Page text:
Even though Black skin doesn’t age as quickly as others, Black influencers still face pressure to look perfect. Aesthetician Sean Garrette is known on Instagram for his glowing complexion. Spending each day filming or shooting content, tutorials, and interviews, he can sense when negative habits creep in because “he sees things that I don’t like that other people don’t see.” The 29-year-old recalls growing up in a family that was very conscious about appearance.

Now based in New York City, he says the most pressure he felt to keep up appearances was while living in Los Angeles as a gay Black man. He received under-eye and nasolabial filler for smile lines.

“You see a lot of different types of people and ethnicities in New York. In L.A., it’s almost like one standard of beauty. For men, especially Black men, you’re almost fetishized in Los Angeles. You’d have to have washboard abs, a small waist, again, thick, gorgeous hair, beautiful bone structure, great clear skin. I’m none of those things,” says Garrette.

He said his provider has been excellent while quite conservative in her work, counseling him to not be over eager in fixing issues that don’t exist. What remains important is having a doctor who has your best interests at heart, whether you elect for Botox to prevent sweating in glands, address temporomandibular joint dysfunction, or simply cosmetic purposes.

Thirty-nine-year-old Danielle Gray is a skin-care influencer based in Queens, New York, and it took time before she found a dermatologist she could trust.

Gray said, “A dermatologist reached out to me because I might have written something about wanting laser hair removal. What was most uncomfortable was that afterward I realized she had burned me and parts of my skin had hyperpigmentation.”

Despite advances in technology, this is a symptom of some dermatologists’ inability to treat Black skin. Dermatologist Carlos A. Charles is the founder of Derma di Colore, a practice based in New York City that seeks to provide care with an emphasis on melanin-rich skin. Charles says the disparity is multifactorial and could be attributed to a lack of training.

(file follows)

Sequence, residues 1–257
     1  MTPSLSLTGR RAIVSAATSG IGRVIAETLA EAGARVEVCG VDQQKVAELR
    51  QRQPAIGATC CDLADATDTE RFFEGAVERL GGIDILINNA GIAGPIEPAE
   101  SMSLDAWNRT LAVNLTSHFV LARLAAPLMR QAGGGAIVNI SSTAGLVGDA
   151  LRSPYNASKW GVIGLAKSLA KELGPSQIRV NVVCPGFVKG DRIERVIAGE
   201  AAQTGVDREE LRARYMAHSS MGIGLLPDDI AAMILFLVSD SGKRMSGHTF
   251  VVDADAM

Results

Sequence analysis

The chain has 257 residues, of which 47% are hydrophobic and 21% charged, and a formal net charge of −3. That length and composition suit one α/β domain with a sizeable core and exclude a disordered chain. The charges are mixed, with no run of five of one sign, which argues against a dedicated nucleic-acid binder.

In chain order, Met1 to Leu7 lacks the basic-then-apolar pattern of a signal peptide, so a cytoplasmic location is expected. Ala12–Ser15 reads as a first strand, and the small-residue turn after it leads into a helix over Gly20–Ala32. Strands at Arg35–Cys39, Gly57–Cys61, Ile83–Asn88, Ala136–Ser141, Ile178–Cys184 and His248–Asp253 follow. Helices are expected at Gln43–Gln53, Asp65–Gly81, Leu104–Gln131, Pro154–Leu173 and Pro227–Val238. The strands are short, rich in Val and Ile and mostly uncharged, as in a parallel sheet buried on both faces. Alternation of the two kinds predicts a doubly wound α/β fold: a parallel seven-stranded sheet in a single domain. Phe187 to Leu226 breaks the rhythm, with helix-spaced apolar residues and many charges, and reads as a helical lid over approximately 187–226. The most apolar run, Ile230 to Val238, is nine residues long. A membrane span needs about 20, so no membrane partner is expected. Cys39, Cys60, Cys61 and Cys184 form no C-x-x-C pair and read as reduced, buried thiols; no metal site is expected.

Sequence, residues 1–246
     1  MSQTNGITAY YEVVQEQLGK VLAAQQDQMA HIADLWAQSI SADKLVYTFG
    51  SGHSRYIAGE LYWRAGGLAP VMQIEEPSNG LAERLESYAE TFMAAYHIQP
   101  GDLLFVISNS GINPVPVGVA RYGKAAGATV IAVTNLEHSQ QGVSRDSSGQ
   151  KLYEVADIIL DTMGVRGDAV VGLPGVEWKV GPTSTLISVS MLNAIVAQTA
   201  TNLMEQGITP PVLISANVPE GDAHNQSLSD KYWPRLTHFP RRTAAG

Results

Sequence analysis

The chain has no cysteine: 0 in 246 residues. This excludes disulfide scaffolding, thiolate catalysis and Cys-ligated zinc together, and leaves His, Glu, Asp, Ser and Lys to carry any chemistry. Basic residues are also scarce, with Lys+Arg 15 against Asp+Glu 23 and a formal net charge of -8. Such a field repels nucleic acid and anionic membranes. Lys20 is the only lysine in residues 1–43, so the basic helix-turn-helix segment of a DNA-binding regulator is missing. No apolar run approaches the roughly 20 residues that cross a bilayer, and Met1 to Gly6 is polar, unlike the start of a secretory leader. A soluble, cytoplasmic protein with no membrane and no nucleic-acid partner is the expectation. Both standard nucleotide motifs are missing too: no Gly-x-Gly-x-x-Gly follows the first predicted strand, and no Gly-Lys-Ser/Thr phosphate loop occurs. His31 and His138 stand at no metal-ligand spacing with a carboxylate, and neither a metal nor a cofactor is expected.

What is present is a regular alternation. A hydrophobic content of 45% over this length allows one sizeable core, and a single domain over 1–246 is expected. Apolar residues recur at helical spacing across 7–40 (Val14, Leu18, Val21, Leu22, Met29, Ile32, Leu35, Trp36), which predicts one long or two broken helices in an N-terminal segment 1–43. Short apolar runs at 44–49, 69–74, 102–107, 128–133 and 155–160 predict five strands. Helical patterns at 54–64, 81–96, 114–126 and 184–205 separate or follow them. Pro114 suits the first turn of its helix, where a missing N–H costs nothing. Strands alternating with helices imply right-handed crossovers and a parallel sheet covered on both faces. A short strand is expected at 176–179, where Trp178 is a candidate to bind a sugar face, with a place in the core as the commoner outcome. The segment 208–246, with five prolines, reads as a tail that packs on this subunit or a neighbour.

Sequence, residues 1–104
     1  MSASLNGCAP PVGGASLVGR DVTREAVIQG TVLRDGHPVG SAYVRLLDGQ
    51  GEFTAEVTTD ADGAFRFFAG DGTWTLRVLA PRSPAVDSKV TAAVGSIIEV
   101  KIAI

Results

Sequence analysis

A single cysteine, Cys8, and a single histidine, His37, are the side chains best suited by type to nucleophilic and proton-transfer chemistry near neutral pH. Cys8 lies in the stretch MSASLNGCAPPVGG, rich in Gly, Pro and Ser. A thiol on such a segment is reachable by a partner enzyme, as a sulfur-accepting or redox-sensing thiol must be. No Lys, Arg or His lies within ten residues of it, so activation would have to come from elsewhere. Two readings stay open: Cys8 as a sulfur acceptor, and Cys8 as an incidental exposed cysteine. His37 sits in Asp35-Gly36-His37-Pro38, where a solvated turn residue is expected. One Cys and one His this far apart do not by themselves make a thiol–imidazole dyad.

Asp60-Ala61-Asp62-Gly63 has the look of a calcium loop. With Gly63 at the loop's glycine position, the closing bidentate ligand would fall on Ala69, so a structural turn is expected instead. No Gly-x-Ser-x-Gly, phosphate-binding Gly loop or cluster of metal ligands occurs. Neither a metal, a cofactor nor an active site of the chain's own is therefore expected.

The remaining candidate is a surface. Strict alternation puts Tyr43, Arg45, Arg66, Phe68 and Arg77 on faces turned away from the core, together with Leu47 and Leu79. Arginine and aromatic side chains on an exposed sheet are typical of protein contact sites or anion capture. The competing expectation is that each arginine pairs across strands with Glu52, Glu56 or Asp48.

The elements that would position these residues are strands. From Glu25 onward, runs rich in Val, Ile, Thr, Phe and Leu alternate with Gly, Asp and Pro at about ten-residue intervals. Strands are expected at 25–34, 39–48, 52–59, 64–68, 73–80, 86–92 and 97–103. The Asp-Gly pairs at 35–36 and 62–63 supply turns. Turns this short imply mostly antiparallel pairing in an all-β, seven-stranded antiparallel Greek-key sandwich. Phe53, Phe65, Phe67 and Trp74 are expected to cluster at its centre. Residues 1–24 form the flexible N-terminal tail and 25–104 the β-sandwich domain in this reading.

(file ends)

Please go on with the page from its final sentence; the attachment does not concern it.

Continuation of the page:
“Historically, if you look at textbooks — a lot of the disease processes and the pictures just going through it — things are described typically in lighter skin tones and white skin tones. That creates a little bit of a blind spot because things can look different on darker skin,” said Charles.

Now, Gray’s dermatologist is Michelle Henry. In 2018, Gray received filler to address undereye hollows; one year later, she received Botox from Henry after noticing some fine lines and shared her journey online. For Gray, she believes it’s important to have a Black dermatologist because of their expertise: having someone who goes through the same issues and who understands how it will be perceived. On one of her Instagram posts, she remembers one user commented “you need to age gracefully like these Black celebrities do.”

“Just because [celebrities are] not telling you what they get done, that doesn’t mean they’re not getting it done,” Gray says. “To be quite frank, I think it is all bullshit. People do not know what they want. People will tell you, ‘oh, you should wear your natural hair, you should do everything natural.’ Then when you show it to them, they’re not here for it.”

But despite the negative comments, Gray isn’t phased. She’s happy in her choices to venture into aesthetics. “I don’t have a fear of aging because I feel like, the older I get the more self-aware, the more self-esteem, the more self-confidence I have. I’ve learned early on to not really pay attention to what people say. I just look for my community.”